In January 2011, one of our finest actors passed on to The Great Mystery.
Pete Postlethwaite commanded the screen and stage with his formidable presence, his film career punctuated with startling roles in Brassed Off, Baz Lurhmann’s Romeo + Juliet, The Usual Suspects and let’s not forget Jurassic Park…
Paul described to me how he made such a gentle portrait:
“Pete Postlethwaite lived with his family in south Shropshire. Close by is a local beauty spot and National Trust area called the Long Mynd. As Pete was himself a lover of the natural beauty of the south Shropshire hills, he wrote the foreword to a book written about the area.
“I covered the event for a society magazine. During a quiet moment I asked him if I may take his portrait to which he agreed. Totally unassuming and down to earth, he stared straight into the lens with those soulful eyes.
“The impromptu shoot was over in less than five minutes. Actually, I had photographed him on other occasions, but this image captured his integrity and for me reflected more faithfully my feelings of who he was.”
Although brief, it sounds like a wonderful moment for Paul with such a beautiful outcome.
Following some canvassing on Twitter and in ‘real life’, I’d like to leave you with a clip of one of Pete’s performances.
There are so many to choose from but this tear-jerking scene in Brassed Off came up consistently — as a friend of mine described it, “The most poetic piece of swearing ever filmed.”
Hankies at the ready…
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Imagine it’s 1873.
Platinum/Palladium printing has just been invented but the print size is limited to that of the plate or film on which the photograph was originally captured.
An inherent attribute of any contact printing process, this meant that 5×4″ and 10×8″ Platinum prints were commonplace at the time.
Fast forward to the 21st Century and we now have the ability to make much larger digital negatives, resulting in the ability to make similarly larger Platinum/Palladium prints.
This year, Richard and I have been proud to take part in several projects that make full use of this new marriage of old and new technologies — Ian Aitken’s photographs of northern white rhinos have been a prime example.
This has been an extraordinary undertaking by Ian, who liaised with the Ol Pejeta Conservancy in Kenya.
Here, he took exclusive photographs of Najin, Fatu, Sudan and Suni — four of the world’s last seven remaining northern white rhinos — in a joint fundraising effort for the conservancy.
On 18th December 2012, Ian was invited to discuss the project on BBC Radio 4′s Saving Species.
Click on the image below, where you can hear Ian being interviewed from the 10:17 mark (I know the image below is a gorilla, it’s also a red herring!):
As Ian explains further on his dedicated site:
In January 2012, I was invited to Ol Pejeta.
During this trip, I’d photographed the northern white rhino several times, but was not satisfied with my approach, so on the last morning of the trip I arranged to get some close-up portraits.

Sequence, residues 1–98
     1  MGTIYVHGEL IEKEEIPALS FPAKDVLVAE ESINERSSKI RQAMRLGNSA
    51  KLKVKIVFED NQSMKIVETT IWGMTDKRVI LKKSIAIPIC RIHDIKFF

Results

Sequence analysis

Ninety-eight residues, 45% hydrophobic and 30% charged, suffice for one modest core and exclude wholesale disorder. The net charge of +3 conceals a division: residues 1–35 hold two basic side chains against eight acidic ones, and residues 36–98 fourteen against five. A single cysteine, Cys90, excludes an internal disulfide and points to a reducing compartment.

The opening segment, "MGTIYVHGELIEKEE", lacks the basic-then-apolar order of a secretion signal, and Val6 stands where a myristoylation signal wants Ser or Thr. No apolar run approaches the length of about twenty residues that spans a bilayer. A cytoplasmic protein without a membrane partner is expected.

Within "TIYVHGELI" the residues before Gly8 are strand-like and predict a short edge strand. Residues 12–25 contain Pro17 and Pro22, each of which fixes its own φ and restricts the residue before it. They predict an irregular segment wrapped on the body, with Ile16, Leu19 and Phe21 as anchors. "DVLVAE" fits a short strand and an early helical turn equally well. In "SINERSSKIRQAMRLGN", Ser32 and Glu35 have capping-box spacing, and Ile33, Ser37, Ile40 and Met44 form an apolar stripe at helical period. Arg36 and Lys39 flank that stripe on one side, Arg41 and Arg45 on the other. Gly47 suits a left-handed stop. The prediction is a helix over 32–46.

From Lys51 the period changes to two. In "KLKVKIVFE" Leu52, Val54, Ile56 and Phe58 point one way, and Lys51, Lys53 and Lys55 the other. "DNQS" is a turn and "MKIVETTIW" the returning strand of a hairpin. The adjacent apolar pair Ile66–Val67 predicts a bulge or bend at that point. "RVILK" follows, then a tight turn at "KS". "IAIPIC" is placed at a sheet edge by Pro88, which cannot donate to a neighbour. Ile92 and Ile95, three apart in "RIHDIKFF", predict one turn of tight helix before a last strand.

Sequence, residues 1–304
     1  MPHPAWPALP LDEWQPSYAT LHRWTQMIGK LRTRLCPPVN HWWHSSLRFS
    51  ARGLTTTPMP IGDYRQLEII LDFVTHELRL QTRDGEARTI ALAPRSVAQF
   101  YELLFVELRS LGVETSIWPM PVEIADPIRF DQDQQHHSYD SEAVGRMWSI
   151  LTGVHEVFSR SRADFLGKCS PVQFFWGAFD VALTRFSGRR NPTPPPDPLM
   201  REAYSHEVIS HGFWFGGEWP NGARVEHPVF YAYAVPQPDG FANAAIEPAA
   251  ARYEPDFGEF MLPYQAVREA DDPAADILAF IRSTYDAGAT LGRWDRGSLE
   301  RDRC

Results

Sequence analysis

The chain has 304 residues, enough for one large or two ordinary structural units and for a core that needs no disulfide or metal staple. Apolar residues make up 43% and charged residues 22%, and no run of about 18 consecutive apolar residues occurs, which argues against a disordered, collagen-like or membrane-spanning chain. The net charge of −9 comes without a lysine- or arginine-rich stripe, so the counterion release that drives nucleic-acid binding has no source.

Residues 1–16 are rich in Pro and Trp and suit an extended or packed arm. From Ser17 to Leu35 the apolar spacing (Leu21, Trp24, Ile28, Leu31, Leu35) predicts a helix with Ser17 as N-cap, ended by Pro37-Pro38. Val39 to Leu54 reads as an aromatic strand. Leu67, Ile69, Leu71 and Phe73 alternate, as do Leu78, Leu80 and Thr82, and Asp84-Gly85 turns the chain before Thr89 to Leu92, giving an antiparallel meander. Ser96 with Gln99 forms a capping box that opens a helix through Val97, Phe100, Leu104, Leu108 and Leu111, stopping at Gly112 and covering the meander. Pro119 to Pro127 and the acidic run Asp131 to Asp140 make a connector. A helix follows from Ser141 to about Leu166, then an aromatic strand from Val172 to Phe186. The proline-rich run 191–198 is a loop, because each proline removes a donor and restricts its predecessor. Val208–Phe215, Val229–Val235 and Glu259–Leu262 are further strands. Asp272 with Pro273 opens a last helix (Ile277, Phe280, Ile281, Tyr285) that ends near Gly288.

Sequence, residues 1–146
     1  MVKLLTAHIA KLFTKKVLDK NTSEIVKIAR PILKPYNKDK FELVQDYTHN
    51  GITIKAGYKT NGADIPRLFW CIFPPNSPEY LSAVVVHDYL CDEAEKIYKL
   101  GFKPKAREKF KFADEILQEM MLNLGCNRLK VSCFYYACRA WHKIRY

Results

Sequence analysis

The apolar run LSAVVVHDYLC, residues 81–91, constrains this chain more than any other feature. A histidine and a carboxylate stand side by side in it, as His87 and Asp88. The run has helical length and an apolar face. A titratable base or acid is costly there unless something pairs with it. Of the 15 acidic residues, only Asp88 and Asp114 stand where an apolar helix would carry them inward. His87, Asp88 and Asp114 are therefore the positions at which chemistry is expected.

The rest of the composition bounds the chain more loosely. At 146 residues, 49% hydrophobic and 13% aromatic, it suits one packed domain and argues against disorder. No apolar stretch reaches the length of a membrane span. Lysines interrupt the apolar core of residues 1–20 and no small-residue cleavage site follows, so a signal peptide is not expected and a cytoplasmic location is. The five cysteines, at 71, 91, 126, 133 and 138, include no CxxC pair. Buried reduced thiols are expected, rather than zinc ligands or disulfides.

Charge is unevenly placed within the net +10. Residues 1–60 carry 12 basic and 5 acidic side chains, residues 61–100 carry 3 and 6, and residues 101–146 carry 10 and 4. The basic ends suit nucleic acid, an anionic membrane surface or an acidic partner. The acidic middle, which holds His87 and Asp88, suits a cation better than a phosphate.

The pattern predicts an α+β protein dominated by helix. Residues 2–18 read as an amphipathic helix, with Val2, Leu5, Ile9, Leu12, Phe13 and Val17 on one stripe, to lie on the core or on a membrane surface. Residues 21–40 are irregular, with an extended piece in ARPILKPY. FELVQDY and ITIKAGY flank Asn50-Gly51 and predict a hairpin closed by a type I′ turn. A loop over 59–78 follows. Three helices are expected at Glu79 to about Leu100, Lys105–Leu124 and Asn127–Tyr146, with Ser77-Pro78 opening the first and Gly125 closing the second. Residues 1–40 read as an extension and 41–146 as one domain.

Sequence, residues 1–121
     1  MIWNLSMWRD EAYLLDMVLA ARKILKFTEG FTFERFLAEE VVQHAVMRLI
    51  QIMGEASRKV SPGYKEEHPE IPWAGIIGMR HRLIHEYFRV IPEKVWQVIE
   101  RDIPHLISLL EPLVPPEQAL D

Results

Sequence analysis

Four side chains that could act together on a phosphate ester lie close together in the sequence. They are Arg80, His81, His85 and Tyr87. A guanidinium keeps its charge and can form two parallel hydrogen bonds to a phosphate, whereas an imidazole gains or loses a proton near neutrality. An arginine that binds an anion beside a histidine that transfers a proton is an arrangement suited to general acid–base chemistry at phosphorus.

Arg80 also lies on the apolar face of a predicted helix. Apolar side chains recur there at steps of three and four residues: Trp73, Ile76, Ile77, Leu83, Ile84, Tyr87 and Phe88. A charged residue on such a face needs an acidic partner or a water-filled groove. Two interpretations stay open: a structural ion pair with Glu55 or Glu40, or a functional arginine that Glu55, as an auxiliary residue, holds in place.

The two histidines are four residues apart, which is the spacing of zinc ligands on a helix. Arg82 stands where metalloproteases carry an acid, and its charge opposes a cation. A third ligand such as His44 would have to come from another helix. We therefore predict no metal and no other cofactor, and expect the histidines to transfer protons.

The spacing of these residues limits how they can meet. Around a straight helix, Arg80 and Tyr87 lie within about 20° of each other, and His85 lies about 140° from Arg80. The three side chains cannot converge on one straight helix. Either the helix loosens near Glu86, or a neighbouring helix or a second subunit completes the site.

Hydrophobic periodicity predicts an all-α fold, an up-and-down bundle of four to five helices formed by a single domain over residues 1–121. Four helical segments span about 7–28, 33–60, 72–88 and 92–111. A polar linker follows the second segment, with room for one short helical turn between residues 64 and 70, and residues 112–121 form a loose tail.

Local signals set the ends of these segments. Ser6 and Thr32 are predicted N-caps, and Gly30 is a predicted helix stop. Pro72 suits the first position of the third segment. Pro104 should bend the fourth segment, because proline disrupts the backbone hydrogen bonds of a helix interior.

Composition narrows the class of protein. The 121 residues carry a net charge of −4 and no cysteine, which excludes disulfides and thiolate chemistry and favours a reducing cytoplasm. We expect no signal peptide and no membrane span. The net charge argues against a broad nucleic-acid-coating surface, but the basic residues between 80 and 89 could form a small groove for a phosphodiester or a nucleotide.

I wanted Mount Kenya in the background and the rhino in the foreground. With the guards’ help I managed to get Fatu in profile. I’d known how rare these animals are, but preparing for the photo I was struck by the loneliness and unbelievable fragility of their situation.
Then Fatu suddenly turned and started walking towards me. I was terrified — they are huge animals — but carried on taking photos, stepping backwards, faster and faster. The guards told me to stop and stand still for my own safety. Fatu came right up close to me and nuzzled her head in my stomach.
I know it’s corny, but at that moment, with the personal contact, I was hooked. I was completely blown away.
The framed prints are beautiful photographic objects…
The 24×16″ photograph sits within a sheet of 30×22″ paper and the print floats inside bespoke frames made of English brown oak inlaid with African mpingo and carved with the name of each rhino.
The set of four prints were first shown at The Royal Geographical Society on 31st October.
They carry an incredible stone-like quality, the long tones of the Platinum/Palladium combination lending themselves perfectly to the leathery skin of the rhinos and their surroundings.
For every print sold, 50% of the profits directly help to protect the northern white rhino from poachers.
Proceeds will fund the building of a modern security base at Ol Pejeta’s northern white rhino enclosure.
For further details on how to buy these stunning prints, please visit AitkenPrints.
Notes on Print Production:
I used my HP Designjet Z3200 in conjunction with HP’s very own Large Format Digital Negative Application to make Digital Negatives from Ian’s camera files.
The final prints were made on 310gsm Arches Platine in conjunction with 139 Printroom.
I’ll make no apologies for a second successive post on matters analogue. You appear to enjoy them and I have a further post drafted (to follow in due course) offering my thoughts on why that might be.
Not only matters analogue, of course, as this is a marriage with digital technology too!
Last week, I spent a couple of days working with my friend and colleague, Richard Freestone, in his domain, 139 Printroom.
I first enjoyed the darkroom experience at the age of twelve when I converted my bedroom to meet my new artistic and entrepreneurial requirements. Sadly, I haven’t revisited these analogue methods since my university days.
Under the dim tungsten glow, I had forgotten what a gentle, calm experience the darkroom can be.
Everything slows right down to a strolling pace and goes a long way to creating the huge ‘pause button’ that I reckon the Western World craves…